Street photography is the perfect medium for capturing city life. Passers-by have long fascinated photographers who mingle among the crowds. At a time when social distancing is required and overcrowding seen as a health risk, especially for the elderly, the i series by Eamonn Doyle and Hardened by Jeff Mermelstein on the subject of city dwellers suddenly takes on a new meaning.
Born in Dublin, Eamonn Doyle (Ireland, 1969) studied painting and then photography, before starting a world trip, which allowed him to pursue his philosophy of being a “photographer of our planet”. In 1994, Doyle launched D1 Recordings in Dublin, with which he began to produce a unique and influential genre of electronic music. After devoting twenty years to music – he has published, worked, recorded, organized festivals and travelled all over the world – he decided to take up photography again and started taking photographs near his home in 2011. He quickly gained international recognition for his “Dublin trilogy” – i (2014), ON (2015) and End (2016). This series was then followed by K (2018), Made In Dublin (2019), and more recently O (2020), in which he photographed the Dublin suburb in which he grew up.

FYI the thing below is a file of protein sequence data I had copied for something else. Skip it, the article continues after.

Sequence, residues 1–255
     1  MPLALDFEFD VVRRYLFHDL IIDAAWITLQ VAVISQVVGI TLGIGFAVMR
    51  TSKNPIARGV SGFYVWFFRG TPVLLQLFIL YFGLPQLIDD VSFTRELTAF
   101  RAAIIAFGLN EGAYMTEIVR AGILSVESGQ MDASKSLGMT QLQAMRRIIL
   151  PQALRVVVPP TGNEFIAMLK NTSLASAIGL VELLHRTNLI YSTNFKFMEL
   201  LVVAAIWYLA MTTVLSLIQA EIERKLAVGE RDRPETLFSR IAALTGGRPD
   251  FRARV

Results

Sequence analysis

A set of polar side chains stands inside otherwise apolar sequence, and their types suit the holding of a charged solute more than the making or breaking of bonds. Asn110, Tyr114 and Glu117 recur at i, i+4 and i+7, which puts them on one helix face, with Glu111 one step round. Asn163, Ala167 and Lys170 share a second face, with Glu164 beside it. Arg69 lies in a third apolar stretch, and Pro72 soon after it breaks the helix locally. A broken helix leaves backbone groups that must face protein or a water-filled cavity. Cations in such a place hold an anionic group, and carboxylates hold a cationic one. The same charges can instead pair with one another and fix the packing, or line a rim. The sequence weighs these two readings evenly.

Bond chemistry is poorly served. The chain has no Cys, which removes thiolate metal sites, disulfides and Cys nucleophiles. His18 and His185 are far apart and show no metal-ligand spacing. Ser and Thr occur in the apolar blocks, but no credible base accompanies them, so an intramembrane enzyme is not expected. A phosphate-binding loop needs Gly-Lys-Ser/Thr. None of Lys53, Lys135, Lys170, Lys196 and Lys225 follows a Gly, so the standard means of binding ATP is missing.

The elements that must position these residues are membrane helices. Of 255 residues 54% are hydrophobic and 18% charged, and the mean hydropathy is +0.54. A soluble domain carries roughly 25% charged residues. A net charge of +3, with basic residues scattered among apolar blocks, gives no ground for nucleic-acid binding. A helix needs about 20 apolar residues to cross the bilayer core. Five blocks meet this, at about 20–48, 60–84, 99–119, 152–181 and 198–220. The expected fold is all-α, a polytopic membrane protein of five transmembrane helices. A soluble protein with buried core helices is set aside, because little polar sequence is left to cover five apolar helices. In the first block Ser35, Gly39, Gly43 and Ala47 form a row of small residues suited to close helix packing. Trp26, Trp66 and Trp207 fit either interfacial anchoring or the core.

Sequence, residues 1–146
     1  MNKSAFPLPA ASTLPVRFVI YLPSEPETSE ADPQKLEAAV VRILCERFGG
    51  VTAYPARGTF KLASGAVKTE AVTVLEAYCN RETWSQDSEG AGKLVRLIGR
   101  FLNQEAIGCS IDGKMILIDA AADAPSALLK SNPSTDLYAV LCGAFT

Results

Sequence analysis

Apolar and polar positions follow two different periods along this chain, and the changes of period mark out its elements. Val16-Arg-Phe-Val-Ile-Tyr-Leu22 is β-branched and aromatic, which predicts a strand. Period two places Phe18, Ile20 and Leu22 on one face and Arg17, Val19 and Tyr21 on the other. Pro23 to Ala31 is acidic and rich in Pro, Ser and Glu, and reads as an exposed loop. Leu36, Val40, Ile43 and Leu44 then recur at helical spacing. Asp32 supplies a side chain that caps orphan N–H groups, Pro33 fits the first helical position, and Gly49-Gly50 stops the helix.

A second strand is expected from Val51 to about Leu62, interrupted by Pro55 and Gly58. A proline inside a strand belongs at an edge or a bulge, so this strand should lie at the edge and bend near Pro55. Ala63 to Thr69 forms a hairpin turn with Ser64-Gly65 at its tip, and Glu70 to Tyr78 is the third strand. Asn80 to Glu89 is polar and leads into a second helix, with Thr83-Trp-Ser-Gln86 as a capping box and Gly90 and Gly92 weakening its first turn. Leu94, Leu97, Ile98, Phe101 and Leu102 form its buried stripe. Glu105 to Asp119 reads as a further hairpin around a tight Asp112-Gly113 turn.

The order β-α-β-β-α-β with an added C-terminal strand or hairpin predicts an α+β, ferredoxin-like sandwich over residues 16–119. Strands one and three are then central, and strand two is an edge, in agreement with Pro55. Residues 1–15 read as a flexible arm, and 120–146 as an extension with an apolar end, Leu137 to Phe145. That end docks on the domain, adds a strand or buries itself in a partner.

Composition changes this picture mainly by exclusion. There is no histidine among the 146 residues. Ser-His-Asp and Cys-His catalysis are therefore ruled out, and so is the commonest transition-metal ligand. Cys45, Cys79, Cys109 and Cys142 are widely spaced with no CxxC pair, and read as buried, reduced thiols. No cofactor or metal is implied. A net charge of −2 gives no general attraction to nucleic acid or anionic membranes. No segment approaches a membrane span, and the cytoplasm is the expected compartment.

Born in New Jersey, Jeff Mermelstein (USA, 1957) studied at Rutgers College in his hometown and then in New York at the International Center of Photography, one of the most famous photography schools in the world. As a photographer, he has collaborated with prestigious magazines such as LIFE, the New Yorker and the New York Times Magazine. In the tradition of street photography, he extensively photographed New York, and notably produced a large series on September 11th and its consequences. His photographs are part of the collections of prestigious museums, including the Art Institute of Chicago, the George Eastman House in Rochester and the New York Public Library. Mermelstein has been teaching at the International Center of Photography since 1988. Following on from the #nyc series, his latest book, entitled Hardened, shows the close-up street photographs he took of text messages that New Yorkers send each other.